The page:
How popular a poet is Billy Collins?
In America, he’s at the top. His books bear the stamp of a major commercial publisher, Random House, and sell in the hundreds of thousands of copies when the sales of many other contemporary poets’ books run into the low four figures.
Moreover, the audiences for the 40 or so public readings he gives each year are both legion and large. His National Public Radio benefit poetry reading at Manhattan’s Symphony Space on April 20, 2005, drew a capacity crowd and had actor Bill Murray introducing him. And not long ago at the University of Wisconsin, Collins read to an audience exceeding 2,000.
“That was an indoor record for me,” he said matter-of-factly from his home in Somers, Westchester County, N.Y. “Reading my poetry in public has become almost a side career in itself.”
How respected a poet is Billy Collins?
He was the U.S. Poet Laureate from 2001 to 2003, a period when he launched “Poetry 180,” a website presenting a poem a day for the uncritical enjoyment of American high-school students during the academic year.
“No discussion, no explication, no quiz, no midterm, no seven-page paper–just listen to a poem every morning and off you go to your first class,” Collins explained in “Poetry 180: A Turning Back to Poetry,” the first of two anthologies inspired by this Internet service.
Why pitch it to pupils in high school? “Because all too often it is the place where poetry goes to die,” he dryly observed.
In the Jan./Feb. 2006 issue of Atlantic Monthly magazine, Garrison Keillor, host of National Public Radio’s “A Prairie Home Companion,” good-naturedly parodied the style of seven famous poets: Walt Whitman, Emily Dickinson, Robert Frost, e. e. cummings, William Carlos Williams, Gary Snyder, and Billy Collins. A champion of verse on his radio program who published “Good Poems for Hard Times” in 2002, Keillor previously gave Collins the exposure that helped to transform his life.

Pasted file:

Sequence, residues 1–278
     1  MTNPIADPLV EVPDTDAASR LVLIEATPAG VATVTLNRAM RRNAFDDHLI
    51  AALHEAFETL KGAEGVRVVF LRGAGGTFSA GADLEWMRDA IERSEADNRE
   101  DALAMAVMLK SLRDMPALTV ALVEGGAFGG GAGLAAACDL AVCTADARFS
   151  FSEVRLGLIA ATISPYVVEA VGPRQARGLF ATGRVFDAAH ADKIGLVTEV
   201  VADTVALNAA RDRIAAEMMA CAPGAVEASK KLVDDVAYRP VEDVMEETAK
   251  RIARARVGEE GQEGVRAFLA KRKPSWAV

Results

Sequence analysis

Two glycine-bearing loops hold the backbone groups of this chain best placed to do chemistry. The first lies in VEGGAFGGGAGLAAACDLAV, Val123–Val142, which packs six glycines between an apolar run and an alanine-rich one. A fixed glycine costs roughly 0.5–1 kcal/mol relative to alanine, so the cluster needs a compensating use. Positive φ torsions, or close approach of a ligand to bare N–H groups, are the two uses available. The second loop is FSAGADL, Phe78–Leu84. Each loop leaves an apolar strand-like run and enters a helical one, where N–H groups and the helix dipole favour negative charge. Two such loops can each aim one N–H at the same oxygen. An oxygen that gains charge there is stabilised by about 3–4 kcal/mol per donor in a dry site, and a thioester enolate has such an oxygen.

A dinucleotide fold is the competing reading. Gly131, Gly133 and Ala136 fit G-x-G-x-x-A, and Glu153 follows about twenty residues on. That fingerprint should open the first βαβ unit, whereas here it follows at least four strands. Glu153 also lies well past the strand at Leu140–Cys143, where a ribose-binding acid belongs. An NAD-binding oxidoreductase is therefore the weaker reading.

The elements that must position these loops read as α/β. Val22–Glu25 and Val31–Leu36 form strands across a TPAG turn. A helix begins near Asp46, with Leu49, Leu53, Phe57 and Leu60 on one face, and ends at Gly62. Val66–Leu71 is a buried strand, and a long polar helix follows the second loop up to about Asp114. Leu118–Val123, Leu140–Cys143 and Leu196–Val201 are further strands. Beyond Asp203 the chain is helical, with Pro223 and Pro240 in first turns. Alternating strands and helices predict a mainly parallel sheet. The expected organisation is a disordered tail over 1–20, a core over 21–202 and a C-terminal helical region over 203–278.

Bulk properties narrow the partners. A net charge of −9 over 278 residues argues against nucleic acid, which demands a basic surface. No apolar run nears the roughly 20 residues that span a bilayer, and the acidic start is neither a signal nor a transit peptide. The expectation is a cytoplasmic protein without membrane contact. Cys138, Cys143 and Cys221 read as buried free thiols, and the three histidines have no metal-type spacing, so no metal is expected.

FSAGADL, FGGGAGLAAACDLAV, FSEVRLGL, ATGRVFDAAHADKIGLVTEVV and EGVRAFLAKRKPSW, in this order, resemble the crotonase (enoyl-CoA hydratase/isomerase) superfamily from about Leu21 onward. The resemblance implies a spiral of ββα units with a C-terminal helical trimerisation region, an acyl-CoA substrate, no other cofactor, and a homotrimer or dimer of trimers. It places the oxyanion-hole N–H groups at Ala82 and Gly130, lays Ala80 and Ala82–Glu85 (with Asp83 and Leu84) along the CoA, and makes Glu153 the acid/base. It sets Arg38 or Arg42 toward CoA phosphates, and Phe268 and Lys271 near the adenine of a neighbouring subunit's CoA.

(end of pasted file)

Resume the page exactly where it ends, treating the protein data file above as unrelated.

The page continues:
“My whole career changed around 1998,” Collins recalled. “I had a new book of poetry out, ‘Picnic, Lightning,’ from the University of Pittsburgh Press, and within two or three months of publication, I appeared on Garrison’s program and Terry Gross’s ‘Fresh Air.’ Both of those radio programs have audiences of two to four million people, and I was reading my poems to them. Book sales went off the charts, and invitations poured in to give readings. It was the power of National Public Radio that put a booster rocket on my career.”
Suddenly, Billy Collins the poet was hot, and no one was more surprised than Collins himself.
“Like most poets, I started out reading in church basements for a hundred dollars,” he said. “I can’t really understand why I’ve been singled out for this popularity, but I’m not complaining.”
That humility flows genuinely from Billy Collins. He was born in New York City to Katherine Collins, a Canadian-born nurse whose Irish roots were in Waterford, and William Collins, a second-generation Irish American of Cork heritage from Lowell, Mass., who started out as an electrician and eventually became an insurance company executive.
“My father was from a large, poor Irish family in Lowell, and his was an upwardly mobile struggle,” Billy said.
From parochial school right through his undergraduate years at Holy Cross College, Billy Collins had a Catholic education. It ended when he entered graduate school at the University of California at Riverside. “That was the first time I had been in a classroom with a female since the eighth grade,” he added with a laugh.